ATHENS — You may have noticed Georgia has been tossing the ball around a good bit. And that’s just in the running game.
The Bulldogs this season are utilizing the toss — or lateral — more often when they run the football. And unlike in past years, when that usually meant an outside running play, Georgia is doing it when it intends to carry the ball between the tackles.
That’s no accident. It’s a wrinkle the Bulldogs picked up from LSU, which utilized that tactic to great effect last year.
“It’s basically the old-school power,” Georgia coach Mark Richt explained. “We’ve handed it off over the years; most everybody in the country still hands it off. [But] LSU has been a team that’s tossed it like that and you could see the benefit of it on film when we watched LSU do it.”
Richt said the advantage of it is two-fold. One, it actually utilizes the quarterback as a blocker or even just a shield from back-side pursuit. It’s also “softens up” the linebackers, who normally read the toss as an outside play and simply get out to the perimeter as fast as they can. Now they need to be more careful to mind their inside gaps.
Of course, the down side of it is you’re unable to utilize a play-fake and ball security can be an issue. The Bulldogs fumbled the ball three times this past Saturday against Missouri, including on their very first play from scrimmage when freshman tailback Todd Gurley mishandled a toss from quarterback Aaron Murray.
“I made a mistake,” said Gurley who led the Bulldogs in rushing with 65 yards on 10 carries but lost five on that play. “I just need to look the ball in. I need to to catch the ball next time we’re in that play and get my eyes up.”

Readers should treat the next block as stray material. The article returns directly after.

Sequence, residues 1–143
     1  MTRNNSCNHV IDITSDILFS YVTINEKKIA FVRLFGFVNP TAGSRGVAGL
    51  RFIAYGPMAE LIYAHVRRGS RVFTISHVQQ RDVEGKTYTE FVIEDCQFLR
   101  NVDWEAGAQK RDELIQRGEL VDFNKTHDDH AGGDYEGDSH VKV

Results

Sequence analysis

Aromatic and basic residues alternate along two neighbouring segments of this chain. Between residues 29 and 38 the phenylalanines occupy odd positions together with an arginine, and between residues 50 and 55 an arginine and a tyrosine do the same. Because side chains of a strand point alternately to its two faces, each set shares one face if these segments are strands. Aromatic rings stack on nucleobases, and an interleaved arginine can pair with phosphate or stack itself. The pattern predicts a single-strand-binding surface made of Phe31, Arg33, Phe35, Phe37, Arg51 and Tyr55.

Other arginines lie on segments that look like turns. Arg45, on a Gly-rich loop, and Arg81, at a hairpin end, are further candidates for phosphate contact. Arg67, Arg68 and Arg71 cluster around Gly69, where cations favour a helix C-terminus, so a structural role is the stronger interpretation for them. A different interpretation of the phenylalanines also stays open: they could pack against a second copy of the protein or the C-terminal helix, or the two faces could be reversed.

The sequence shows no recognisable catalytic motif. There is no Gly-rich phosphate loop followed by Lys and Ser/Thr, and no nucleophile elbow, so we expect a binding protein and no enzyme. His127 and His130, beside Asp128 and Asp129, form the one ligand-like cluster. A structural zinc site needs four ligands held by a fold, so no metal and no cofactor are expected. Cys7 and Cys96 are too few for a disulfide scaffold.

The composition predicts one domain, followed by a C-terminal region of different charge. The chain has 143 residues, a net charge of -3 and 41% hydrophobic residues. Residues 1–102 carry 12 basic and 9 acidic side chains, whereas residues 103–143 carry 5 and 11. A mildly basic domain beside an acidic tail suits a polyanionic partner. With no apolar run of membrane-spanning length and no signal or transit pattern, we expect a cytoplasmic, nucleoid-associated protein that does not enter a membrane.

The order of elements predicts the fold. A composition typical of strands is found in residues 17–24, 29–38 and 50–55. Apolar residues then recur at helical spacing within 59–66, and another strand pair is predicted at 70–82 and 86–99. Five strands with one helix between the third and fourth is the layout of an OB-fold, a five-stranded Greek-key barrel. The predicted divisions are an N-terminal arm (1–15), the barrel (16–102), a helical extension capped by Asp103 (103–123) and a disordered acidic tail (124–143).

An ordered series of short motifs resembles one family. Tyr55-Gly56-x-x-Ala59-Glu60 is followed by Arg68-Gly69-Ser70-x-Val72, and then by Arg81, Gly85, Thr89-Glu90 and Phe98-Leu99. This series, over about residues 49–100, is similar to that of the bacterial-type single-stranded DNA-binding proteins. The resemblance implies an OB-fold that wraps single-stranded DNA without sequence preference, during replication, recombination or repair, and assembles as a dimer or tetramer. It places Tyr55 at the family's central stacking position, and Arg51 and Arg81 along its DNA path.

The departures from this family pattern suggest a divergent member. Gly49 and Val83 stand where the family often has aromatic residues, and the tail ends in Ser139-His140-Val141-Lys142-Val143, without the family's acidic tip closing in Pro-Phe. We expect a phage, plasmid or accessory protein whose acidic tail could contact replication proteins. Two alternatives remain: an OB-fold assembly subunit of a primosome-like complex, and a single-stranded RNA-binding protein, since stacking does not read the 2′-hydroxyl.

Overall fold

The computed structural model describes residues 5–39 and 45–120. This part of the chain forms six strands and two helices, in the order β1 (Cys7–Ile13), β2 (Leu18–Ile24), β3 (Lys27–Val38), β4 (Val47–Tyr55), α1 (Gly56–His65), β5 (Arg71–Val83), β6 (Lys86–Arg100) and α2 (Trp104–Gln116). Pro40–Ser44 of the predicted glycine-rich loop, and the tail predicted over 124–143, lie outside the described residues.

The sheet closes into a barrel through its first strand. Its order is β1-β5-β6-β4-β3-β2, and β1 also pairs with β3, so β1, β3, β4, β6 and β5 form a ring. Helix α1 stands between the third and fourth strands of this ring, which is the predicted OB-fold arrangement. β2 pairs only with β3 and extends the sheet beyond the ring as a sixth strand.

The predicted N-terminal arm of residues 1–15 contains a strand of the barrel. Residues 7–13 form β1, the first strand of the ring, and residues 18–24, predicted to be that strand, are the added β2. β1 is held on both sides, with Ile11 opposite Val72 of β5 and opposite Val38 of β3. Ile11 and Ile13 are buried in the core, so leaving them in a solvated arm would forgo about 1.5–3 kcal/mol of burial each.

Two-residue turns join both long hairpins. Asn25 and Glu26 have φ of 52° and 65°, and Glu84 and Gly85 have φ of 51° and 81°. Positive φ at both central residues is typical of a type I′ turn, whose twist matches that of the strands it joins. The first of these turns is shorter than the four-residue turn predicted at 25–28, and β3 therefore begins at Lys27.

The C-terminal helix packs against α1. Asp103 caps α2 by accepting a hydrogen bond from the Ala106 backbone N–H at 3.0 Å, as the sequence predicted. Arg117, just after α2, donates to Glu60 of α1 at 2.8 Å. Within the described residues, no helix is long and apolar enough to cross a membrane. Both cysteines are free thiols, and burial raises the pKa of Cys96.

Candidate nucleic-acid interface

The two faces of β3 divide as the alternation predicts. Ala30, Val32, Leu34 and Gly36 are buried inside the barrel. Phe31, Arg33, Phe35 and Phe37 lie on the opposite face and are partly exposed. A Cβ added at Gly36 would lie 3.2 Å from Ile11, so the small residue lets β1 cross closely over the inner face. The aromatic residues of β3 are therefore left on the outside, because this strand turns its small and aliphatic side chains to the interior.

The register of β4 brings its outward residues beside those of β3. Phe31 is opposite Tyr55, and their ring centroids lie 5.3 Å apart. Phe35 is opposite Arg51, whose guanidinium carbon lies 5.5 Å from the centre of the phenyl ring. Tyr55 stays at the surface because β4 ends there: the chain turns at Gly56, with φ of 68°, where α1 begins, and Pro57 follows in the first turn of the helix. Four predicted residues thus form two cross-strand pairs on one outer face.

Murray was talking this week about “the four-headed monster” Georgia has at the tailback position in Gurley, Ken Malcome, Keith Marshall and Richard Samuel. The Bulldogs have been effective in running the football. They’re averaging 170 yards per game and have scored four touchdowns in two games. But that’s seventh among SEC teams and they’re sixth in yards per carry (4.6). So there is much room for improvement.
“We have to get better,” Richt said. “We missed some opportunities this last game maybe more than game one as far as hitting it in the right spot. We missed some good blocking more than a couple of times and it wasn’t just one guy. I think all of the backs probably a run or two that could have gained some more yards. . . . There were some inside runs that some of the guys missed where it was blocked a little better than where they ran. We need to be more consistent.”
Richt said a lot of it could be blamed on youth in the backfield and on the line. They will improve rapidly the more they play.
“Like I told the staff, we won the game, it was a great victory, it was a good fourth quarter win for us, but we have a lot of room to improve and that’s a good thing,” Richt said. “That’s our job as coaches to keep teaching and training and trying to get us to be consistent in what we do.”
Gurley, the 6-foot-1, 218-pound freshman from North Carolina, is slated to start for the second straight week. He’s currently tied for the SEC lead in scoring at 12 points per game and is fourth in rushing with an 82-5-yard average.
Gurley believes as a group Georgia’s tailbacks have much more to offer because of their depth.
“We’re competitive,” he said. “We take pride in that. Most of the time, teams come out running, so we try to be the ones to set that spark.”
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